Students play games in the clubs room. Club oversight has improved since a former MSA executive was arrested on terrorism charges -- but is it enough?
Students play games in the clubs room. Club oversight has improved since a former MSA executive was arrested on terrorism charges -- but is it enough?
Students play games in the clubs room. Club oversight has improved since a former MSA executive was arrested on terrorism charges — but is it enough?

How former Algonquin students were able to carry out any alleged activities at Algonquin for months or perhaps years, remains a question that the college and the SA are reluctant to discuss in much detail.
There are 44 clubs at the college presently, ranging in subjects from religion to craft to advocacy groups. Although each group is an opportunity for extracurricular activities or a chance to socialize with other like-minded students, just how much oversight is there for Algonquin clubs?
According to Patrick Newell, the SA’s clubs coordinator, the application to create a new club or to request funding is very simple and available on the website.
As long as it falls underneath the funding guidelines and that funding is still available, clubs can receive up to $500 per semester and up to $1,000 per academic year, in total.
“Clubs have a very wide variety of ideas – whether they want to use the money for buying ping pong tables, video games, food for an event – I try not to say no to clubs as much as possible,” Newell said.
The only way clubs can be reimbursed, however, is through providing receipts.
Sometimes Newell will do the purchasing on his own if it’s for pricier purchases that he knows will be difficult for students to pay for upfront on their own.
The video gaming club’s PS4 is a good example.
When it comes to documentation, Newell says he is required to keep records archived for up to five years since they are a not-for-profit. He confirmed that they do keep documents on file of club members each semester, activity reports and funding – and that he is the one who oversees it now.
Newell said that he was willing and able to provide this information to the Times but had not sent them before deadline.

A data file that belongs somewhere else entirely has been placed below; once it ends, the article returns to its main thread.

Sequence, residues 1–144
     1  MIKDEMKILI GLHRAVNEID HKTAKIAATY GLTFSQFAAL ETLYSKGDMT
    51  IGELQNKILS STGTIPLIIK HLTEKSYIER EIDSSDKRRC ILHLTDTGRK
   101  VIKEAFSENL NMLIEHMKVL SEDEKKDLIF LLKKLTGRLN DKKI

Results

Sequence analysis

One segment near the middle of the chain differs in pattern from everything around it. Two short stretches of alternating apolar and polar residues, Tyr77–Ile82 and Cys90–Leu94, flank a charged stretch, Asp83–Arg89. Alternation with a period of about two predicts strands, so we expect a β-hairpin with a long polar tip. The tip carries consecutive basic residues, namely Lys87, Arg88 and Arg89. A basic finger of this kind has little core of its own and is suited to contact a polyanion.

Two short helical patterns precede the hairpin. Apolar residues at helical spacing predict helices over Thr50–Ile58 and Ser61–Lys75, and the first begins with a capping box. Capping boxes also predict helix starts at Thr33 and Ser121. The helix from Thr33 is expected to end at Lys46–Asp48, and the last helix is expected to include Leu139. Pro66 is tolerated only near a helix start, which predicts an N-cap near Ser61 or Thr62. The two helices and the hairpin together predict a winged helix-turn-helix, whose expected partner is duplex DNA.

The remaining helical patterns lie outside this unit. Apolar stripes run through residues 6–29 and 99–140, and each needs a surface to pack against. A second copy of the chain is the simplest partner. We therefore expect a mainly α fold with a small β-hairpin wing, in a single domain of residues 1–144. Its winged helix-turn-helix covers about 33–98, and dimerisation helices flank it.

When ever the SA is approached to approve a club, Newell said they look up applicants on Genesis, the student database, to make sure that there are at least 15 full-time activity fee-paying students who submit the Club Recognition Form to create a club.
Part-time students cannot be official members of Algonquin clubs and they cannot receive funding or be an executive, but the activities are often open to non activity fee-paying students and staff alike.
This is the screening process for creating a club.
As long as a club doesn’t break any of these guidelines and has at least 15 members he will accept the application, Newell said.
Clubs also have to complete two activity reports a year. They are done sitting face-to-face at the end of the semester, and cover activities that have taken place and what the plans are for the future.
Newell says, however, that activity logs were only implemented in 2014. The level of oversight on club activity before then remains unclear.
The Algonquin SA is one of very few community colleges that have a full-time clubs and communities coordinator.
“I think it is definitely beneficial,” Newell said. “I feel a little biased about that because it’s my job, but it helps grow this department and the student life on campus.”
Newell says this is because he has full control and full oversight.
“I am the only person in this department,” he said, “so I know everything that happens with clubs… I can see everything that happens.”
He has always believed clubs are one of the strongest parts of student life on campus since they are solely student-run.
“They are students stepping forward saying this is what we’re interested in. This is what we’re passionate about and this is what we want to do.”
However,when asked how any criminal activity is avoided at the clubs, Newell said, “I hope the club criteria is strong enough.”
“There is definitely a level of trust I have within clubs, as they have signed an agreement to follow all these guidelines. If they broke those then the disciplinary act will be followed. The first one is that they’ll receive a written warning from me.
So if they post posters in an area they’re not supposed to, I’ll email them with a warning, and so on and so on.”
When asked how he is able to make sure guidelines are followed, Newell said he is here every day.
“I feel confident that the club program that I have built at this institution protects not only the Students’ Association but the students that partake in club activities.”
The first time a full-time clubs coordinator was hired by the SA was in 2012, and he worked for a year and a half. This was Ferris Lehn, who left Algonquin in 2014 to start work at University of Ottawa. And before that Don McRae – who still works at the college but as the manager of administrative services at the SA – was overseeing the clubs but not in a full-time role.